Beatrice arranged a funeral but neither she nor Lucrezia attended, raising eyebrows. Gossip started to spread that a few tree branches could not cause the immense amount of damage found on the corpse, particularly one collapsed eye socket. The body of Francesco was laid out for such a short amount of time that further examination was impossible. Furthermore, the hole in the balcony did not look big enough for a large man to have fallen through even if the wood had, as Beatrice claimed, been rotten. Giacamo and Bernardo arrived from Rome and as soon as Giacomo had claimed the estates the group fled to Rome and away from the increasingly hostile gossip.

Rumours did reach Rome, however. The death of Francesco Cenci was investigated in November and the family members were individually questioned. They had had enough time to straighten out their stories, but were confined to house arrest. Knowing that investigators would eventually visit Petrella, Olympio returned to hide evidence. He widened the hole in the balcony floor. He ordered his wife Plautilla to destroy the bloodied mattress. She chose to hide the mattress instead, perhaps because she wanted it to be found and for her errant husband to be punished for his adultery as well as the murder. The mattresses were indeed found and locals pointed out that the balcony hole was now bigger than before.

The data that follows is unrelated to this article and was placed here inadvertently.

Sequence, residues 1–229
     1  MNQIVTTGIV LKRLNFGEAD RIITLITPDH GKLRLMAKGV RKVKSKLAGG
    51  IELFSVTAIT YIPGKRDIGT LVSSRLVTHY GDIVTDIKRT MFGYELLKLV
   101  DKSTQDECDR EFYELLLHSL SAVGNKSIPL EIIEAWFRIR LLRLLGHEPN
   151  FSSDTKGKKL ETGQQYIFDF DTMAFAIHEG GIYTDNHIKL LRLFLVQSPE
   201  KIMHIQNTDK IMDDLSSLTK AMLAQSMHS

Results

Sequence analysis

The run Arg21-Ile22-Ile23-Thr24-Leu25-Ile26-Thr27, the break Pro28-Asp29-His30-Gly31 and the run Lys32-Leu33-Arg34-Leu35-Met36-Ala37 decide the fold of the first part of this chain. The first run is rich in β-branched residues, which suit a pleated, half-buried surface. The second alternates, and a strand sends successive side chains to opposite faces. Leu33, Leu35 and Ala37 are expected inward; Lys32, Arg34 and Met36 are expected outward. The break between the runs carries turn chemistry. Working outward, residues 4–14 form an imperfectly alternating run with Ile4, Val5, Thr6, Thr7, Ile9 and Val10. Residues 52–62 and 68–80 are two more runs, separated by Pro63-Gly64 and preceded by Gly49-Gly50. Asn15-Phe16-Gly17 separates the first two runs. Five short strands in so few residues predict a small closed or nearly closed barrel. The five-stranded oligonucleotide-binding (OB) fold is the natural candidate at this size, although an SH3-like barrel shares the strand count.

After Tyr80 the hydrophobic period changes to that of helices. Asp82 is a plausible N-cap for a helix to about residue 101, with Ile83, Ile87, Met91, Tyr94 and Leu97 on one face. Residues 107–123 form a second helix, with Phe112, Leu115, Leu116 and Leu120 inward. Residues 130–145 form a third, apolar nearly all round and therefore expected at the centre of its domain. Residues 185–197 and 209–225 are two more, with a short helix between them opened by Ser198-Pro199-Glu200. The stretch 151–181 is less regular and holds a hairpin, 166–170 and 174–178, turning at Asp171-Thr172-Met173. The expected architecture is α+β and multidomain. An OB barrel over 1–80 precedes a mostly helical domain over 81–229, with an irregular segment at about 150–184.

Francesco was exhumed and examined once again. The eye socket, previously explained as a gash from a tree branch, was now determined to be a wound from a small axe.

Beatrice, Lucrezia, Giacomo, Marzio and Olympio were charged with conspiracy and murder. Olympio fled as Marzio had done. Marzio Catalano was apprehended and imprisoned in Rome, where he confessed (probably under torture) to parts of the plot, which was enough to lead t the arrests of Giacomo and Bernardo. Fearful of what Olympio may say if tortured like Marzio, Giacomo sent family servants to murder him where he was hiding with Plautilla and his children near Terni. This was to be a mistake. News spread of the headless corpse of Olympio and the servant was arrested. Authorities found a distraught Plautilla, who despite everything seems to have been genuinely heartbroken at the death of her cheating husband. She blamed the Cenci family for his death.